Our immunolocalization results and previous literature allow the construction of a model that describes anther dehydration as part of the dehiscence program. Firstly, hydraulic continuity throughout the whole anther is established by the degeneration of the tapetum, which isolates the locule from the rest of the anther, and by increasing PIP2 accumulation in the connective and anther wall (Fig. 1). Secondly, an osmotic or hydrostatic pressure gradient must be formed to draw the water to the vascular bundle, as aquaporins only allow passive diffusion of water along such gradients. Indications exist that an osmotic gradient is formed in the anthers of a number of species (Bonner and Dickinson, 1990; Stadler et al., 1999; Pressman et al., 2002), suggesting that this may also occur in tobacco. Although the establishment of hydraulic continuity and the formation of the osmotic gradient are presented here as sequential events, they may in fact occur simultaneously. However, only when both processes are completed will efficient dehydration of the anther be possible.

This hypothesis predicts that if PIP2 expression in the anther is silenced, less efficient dehydration may occur because hydraulic continuity cannot be established fully throughout the anther. Indeed, our analysis of transgenic plants impaired in PIP2 expression shows that water moves more slowly out of transgenic anthers, as compared with the wild type (Figs. 4 and and5).5). Slower anther dehydration has no apparent consequences for pollen function, as fertility was normal in transgenic plants (data not shown). However, we found that slower anther dehydration causes delayed anther dehiscence (Fig. 4).

The current model describing anther dehiscence suggests that four processes should occur for efficient dehiscence. These processes are formation of secondary wall thickenings, degeneration of several anther tissues in a specific order, changes in carbohydrate metabolism, and dehydration of the anther. Previously, it has been shown that absence of secondary wall thickenings or inhibition of tissue degeneration results in indehiscent anthers (Beals and Goldberg, 1997; Dawson et al., 1999; Steiner-Lange et al., 2003), but the significance of anther dehydration or the changes in carbohydrate metabolism remained unknown. Here, we show that slower anther dehydration delays dehiscence. To our knowledge, this is the first direct evidence that a functional link between anther dehydration and dehiscence exists.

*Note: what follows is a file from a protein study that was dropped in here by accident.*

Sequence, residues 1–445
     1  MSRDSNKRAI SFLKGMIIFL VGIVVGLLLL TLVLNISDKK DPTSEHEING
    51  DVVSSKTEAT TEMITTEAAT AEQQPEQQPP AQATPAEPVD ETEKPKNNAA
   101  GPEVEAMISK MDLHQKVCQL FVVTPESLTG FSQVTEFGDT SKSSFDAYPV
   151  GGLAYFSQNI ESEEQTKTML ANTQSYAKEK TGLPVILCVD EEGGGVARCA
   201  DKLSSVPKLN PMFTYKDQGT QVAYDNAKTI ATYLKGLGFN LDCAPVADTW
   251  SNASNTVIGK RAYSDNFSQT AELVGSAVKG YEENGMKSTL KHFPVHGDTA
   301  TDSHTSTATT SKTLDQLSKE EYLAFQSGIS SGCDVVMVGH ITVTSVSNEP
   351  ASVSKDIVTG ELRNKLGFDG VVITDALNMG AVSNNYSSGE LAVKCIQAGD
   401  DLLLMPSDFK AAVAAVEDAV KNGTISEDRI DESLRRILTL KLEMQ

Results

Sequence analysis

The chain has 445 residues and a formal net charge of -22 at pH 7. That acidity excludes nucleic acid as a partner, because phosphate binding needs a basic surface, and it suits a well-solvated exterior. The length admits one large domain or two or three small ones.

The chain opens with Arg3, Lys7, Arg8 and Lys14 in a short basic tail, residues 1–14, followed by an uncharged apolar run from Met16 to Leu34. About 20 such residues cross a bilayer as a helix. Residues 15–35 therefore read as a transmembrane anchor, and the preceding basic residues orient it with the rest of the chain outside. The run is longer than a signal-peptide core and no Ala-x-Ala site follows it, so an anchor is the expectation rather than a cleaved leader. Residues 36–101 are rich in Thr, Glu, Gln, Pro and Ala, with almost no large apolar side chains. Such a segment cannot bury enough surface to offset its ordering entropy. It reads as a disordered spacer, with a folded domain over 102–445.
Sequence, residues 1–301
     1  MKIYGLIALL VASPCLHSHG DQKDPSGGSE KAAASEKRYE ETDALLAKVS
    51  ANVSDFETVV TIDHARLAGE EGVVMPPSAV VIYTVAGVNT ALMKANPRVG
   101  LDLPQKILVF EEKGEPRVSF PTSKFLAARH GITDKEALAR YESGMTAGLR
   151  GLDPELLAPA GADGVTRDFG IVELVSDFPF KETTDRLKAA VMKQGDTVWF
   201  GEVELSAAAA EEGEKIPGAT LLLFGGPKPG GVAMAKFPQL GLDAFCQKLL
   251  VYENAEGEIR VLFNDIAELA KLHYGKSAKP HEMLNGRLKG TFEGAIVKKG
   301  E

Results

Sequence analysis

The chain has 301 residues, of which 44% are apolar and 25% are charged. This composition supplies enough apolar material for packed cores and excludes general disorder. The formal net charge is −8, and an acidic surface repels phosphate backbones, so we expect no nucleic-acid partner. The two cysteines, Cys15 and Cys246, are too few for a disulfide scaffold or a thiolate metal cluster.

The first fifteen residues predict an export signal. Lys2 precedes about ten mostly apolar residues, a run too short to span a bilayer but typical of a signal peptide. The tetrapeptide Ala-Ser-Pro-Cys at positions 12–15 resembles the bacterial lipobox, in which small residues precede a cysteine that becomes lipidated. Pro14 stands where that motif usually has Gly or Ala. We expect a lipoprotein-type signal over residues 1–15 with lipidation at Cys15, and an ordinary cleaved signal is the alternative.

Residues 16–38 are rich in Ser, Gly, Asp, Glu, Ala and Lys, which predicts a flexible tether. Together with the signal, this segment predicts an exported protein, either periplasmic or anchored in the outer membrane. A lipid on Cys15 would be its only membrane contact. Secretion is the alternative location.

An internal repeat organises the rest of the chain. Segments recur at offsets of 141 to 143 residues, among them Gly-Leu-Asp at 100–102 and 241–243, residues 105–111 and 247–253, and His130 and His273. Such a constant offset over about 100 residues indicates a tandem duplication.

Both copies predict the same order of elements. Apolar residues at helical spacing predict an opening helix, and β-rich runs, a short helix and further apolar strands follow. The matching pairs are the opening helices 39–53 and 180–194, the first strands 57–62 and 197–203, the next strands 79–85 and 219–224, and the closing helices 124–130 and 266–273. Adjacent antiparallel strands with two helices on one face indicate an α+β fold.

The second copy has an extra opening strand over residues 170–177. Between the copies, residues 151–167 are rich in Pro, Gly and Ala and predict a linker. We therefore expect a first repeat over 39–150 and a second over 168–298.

The delay in anther dehiscence is rather small, especially when compared with the dehiscence process described previously in various mutants (Beals and Goldberg, 1997; Dawson et al., 1999; Sanders et al., 2000; Ishiguro et al., 2001; Rieu et al., 2003; Steiner-Lange et al., 2003). This observation illustrates the complexity of the anther dehiscence process. In tobacco, dehiscence is regulated by the hormone ethylene, which coordinates anther dehydration and stomium degeneration (Rieu et al., 2003). In our RNAi lines, the absence of aquaporins of the PIP2 class in the anther does interfere with anther dehydration, but does not prevent stomium degeneration. In addition, some dehydration still takes place, indicating that other aquaporins or other dehydration mechanisms may also play a role during dehiscence.

Together, our results indicate that aquaporins of the PIP2 family may perform diverse functions in anther development. Expression and localization of PIP2 proteins in young anthers may suggest a function for these proteins in growth, possibly in cooperation with PIP1 proteins. Furthermore, the analysis of plants displaying RNAi of PIP2 indicates that they play a role in dehydration and dehiscence. However, because water movement across the plasmamembrane is driven by osmotic gradients, aquaporins have an accessory role in facilitating the water fluxes needed for growth or dehydration. This may be the main reason why growth is normal and dehiscence is only delayed.